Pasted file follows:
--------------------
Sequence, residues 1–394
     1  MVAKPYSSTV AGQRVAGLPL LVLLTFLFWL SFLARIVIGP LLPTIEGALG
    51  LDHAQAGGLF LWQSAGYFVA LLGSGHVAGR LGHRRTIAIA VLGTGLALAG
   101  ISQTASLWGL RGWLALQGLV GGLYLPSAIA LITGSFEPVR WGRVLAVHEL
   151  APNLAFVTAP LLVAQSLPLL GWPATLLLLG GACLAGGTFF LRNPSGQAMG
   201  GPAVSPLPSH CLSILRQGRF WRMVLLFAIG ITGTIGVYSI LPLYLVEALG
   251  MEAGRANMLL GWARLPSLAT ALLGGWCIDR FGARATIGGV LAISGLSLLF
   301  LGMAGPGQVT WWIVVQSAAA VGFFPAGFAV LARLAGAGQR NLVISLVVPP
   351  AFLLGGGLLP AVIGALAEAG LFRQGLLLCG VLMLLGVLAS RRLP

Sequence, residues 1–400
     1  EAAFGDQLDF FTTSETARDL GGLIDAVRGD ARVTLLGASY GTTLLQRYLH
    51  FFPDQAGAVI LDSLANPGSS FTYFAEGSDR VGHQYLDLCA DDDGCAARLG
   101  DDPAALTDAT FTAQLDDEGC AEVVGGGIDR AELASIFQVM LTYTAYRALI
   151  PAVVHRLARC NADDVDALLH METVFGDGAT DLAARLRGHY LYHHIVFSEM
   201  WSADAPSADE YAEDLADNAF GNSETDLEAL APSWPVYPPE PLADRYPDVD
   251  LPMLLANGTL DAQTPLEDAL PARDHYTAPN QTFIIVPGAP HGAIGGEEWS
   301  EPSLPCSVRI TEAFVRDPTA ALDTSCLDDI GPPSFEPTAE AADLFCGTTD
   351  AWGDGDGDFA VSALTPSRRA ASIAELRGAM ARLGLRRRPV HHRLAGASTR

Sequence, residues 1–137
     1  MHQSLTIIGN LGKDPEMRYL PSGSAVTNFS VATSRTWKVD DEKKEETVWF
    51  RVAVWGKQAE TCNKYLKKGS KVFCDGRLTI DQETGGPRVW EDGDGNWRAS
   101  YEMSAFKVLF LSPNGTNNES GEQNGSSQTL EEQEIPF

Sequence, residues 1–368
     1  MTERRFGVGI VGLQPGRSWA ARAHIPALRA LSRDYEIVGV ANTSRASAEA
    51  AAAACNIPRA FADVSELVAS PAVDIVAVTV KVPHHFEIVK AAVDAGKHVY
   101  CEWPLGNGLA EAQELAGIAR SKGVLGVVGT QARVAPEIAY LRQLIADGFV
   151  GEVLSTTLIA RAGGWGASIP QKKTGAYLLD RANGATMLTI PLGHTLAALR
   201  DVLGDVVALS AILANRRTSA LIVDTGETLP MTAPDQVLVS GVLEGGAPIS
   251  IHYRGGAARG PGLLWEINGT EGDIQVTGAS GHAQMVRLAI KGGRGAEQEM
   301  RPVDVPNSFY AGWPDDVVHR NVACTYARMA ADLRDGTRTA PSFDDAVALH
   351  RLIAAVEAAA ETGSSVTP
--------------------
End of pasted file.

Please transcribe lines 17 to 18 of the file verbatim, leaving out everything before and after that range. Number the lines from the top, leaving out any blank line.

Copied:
   301  EPSLPCSVRI TEAFVRDPTA ALDTSCLDDI GPPSFEPTAE AADLFCGTTD
   351  AWGDGDGDFA VSALTPSRRA ASIAELRGAM ARLGLRRRPV HHRLAGASTR